Jennifer Losch Bartlett (b. 1941, Long Beach, CA) studied at Mills College in California and graduated from Yale University before moving to New York City in 1967. Within her systematic and diverse studio practice, she consistently explores the environments where she lives, travels, and works and simultaneously exhausts the possibilities for painterly representation.
Her unprecedented piece Rhapsody (1975–76, collection Museum of Modern Art), a painting on 987 gridded, enameled steel plates, reads as a lyrical conversation between mathematical abstraction and painterly figuration. The work in many ways laid a roadmap for her entire career, touching upon all of the subjects and styles she would research and explore in more depth.
Bartlett is known for creating room-size installations out of a single project, including In the Garden (1980), a series of nearly two hundred drawings of a garden in Nice, and the plate pieces Song (2007, collection Cleveland Museum of Art), and Recitative (2009–10). She oscillates between painting on steel plates and canvas, occasionally combining the two as she did for the monumental commission Swimmers Atlanta (Atlanta Courthouse, 1979). Comprehensive and novelistic, her body of work raises and revisits themes, including the house icon that she developed into her celebrated Addresses series (1976–78), and multiple perspectives of her own home and garden (Air: 24 Hours (1994), diptychs series from 2010–11). Color indexes and logical patterns pervade her abstract paintings, including her rule-based plate pieces, shaped canvases from the early 2000s, and the ‘blob paintings’ from 2012–13.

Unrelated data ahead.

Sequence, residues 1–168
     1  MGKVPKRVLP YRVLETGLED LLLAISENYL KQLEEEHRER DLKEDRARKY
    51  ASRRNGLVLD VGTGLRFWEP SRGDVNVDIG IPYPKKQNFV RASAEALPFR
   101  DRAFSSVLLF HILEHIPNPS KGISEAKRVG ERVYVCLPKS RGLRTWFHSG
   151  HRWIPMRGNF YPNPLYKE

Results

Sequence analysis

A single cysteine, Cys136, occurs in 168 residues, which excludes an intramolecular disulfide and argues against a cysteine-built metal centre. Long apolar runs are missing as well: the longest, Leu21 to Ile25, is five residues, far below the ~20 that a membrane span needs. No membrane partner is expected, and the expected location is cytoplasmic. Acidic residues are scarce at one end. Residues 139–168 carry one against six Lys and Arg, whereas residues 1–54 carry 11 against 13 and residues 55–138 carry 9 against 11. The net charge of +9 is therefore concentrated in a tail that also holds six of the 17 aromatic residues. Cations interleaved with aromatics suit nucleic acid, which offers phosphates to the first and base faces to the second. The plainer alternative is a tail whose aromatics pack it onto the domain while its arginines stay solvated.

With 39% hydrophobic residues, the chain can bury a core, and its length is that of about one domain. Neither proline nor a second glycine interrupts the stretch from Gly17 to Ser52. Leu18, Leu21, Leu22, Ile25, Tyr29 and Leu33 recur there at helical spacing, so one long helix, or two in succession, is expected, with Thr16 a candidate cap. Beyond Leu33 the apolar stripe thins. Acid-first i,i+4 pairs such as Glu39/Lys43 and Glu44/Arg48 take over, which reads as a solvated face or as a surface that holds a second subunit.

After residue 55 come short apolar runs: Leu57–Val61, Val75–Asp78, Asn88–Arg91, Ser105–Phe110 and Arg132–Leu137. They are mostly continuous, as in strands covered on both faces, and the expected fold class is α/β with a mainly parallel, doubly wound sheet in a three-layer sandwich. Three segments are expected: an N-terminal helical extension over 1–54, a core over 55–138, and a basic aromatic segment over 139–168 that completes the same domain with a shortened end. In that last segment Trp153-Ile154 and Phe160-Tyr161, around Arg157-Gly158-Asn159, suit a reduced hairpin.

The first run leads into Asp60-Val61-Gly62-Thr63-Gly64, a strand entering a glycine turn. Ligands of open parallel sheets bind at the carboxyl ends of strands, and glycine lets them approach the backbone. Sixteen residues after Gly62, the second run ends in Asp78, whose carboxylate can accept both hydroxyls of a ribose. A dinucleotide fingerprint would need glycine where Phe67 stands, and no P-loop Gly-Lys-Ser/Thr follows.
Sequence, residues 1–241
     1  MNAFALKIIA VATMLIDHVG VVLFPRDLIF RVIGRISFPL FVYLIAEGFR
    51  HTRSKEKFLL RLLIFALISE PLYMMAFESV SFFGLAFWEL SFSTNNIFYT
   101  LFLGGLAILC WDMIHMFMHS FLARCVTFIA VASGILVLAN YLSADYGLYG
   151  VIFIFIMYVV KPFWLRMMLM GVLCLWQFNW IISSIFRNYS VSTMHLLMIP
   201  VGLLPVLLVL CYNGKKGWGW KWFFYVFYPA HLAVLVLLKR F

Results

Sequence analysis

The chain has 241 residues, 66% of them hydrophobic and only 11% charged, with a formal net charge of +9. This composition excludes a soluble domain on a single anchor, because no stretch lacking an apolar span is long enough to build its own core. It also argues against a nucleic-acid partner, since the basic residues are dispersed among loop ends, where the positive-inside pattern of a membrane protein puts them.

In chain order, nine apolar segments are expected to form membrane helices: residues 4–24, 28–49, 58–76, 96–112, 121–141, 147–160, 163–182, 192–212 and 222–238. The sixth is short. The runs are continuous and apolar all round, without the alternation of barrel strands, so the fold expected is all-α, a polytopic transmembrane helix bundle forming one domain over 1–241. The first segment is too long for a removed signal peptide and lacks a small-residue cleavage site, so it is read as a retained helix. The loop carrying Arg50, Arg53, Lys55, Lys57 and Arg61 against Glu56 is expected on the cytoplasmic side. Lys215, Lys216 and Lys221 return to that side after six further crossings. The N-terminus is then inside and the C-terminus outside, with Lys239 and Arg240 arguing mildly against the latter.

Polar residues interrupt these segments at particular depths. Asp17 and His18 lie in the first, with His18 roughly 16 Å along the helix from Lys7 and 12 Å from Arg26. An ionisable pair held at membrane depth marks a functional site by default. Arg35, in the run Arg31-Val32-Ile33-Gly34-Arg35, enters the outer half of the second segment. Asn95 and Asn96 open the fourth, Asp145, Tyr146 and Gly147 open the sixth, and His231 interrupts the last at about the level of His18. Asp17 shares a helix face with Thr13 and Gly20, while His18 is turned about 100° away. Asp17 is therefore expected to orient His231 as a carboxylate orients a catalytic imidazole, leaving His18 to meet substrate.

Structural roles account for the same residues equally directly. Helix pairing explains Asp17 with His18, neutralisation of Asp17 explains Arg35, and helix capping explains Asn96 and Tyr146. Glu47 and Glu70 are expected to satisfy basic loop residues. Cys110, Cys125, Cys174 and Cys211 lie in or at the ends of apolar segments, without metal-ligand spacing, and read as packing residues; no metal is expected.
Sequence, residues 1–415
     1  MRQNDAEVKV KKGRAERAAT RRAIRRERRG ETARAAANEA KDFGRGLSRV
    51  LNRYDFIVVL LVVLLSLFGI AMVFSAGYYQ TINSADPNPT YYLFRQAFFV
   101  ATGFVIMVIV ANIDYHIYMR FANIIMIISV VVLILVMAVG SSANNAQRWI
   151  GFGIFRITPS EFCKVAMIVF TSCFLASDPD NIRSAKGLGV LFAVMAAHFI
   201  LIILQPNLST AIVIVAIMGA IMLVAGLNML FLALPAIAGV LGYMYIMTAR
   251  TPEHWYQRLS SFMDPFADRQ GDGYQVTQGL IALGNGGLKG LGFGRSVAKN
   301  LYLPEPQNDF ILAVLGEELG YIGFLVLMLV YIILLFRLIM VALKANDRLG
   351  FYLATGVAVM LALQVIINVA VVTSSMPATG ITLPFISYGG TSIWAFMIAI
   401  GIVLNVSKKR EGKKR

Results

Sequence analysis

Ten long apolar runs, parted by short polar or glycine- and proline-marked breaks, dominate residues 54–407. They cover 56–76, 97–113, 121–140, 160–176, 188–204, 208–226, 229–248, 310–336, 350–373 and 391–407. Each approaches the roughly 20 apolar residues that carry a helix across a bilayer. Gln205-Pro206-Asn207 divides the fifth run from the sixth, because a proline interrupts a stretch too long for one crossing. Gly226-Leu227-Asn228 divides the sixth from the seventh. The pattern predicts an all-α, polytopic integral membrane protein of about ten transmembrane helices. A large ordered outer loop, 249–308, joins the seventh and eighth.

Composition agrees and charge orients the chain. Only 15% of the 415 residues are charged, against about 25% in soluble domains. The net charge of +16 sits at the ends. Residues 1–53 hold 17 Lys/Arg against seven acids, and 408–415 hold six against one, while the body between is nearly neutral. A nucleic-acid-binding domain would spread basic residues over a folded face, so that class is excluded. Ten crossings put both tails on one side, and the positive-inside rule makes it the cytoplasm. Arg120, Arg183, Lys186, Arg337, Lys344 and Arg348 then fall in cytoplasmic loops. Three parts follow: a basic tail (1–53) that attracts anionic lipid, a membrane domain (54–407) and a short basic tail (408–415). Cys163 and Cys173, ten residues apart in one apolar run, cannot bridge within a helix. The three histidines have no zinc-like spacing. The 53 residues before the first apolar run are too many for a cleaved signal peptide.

Jennifer Bartlett’s first survey exhibition was held in 1985 and traveled to the Walker Art Center, MN; the Brooklyn Museum, NY; and the Museum of Art, Carnegie Institute, PA, among others. In 2006, the Addison Gallery of American Art surveyed Bartlett's early enameled steel plate paintings in the period from 1968–76. In 2013–14, Klaus Ottmann curated her second traveling survey Jennifer Bartlett: History of the Universe—Works 1970–2011, which visited the Pennsylvania Academy of the Fine Arts, PA and the Parrish Art Museum, NY. In 2014, the Cleveland Museum of Art united her three monumental plate pieces, Rhapsody, Song, and Recitative in the exhibition Epic Systems. Bartlett’s works are represented in the collections of the Dallas Museum of Fine Arts, TX; the Los Angeles County Museum of Art, CA; the Metropolitan Museum of Art, NY; the Museum of Fine Arts, Houston, TX; the Museum of Modern Art, NY; the Philadelphia Museum of Art, PA; the San Francisco Museum of Modern Art, CA; the Tate Modern, London; and the Whitney Museum of American Art, NY among many others.
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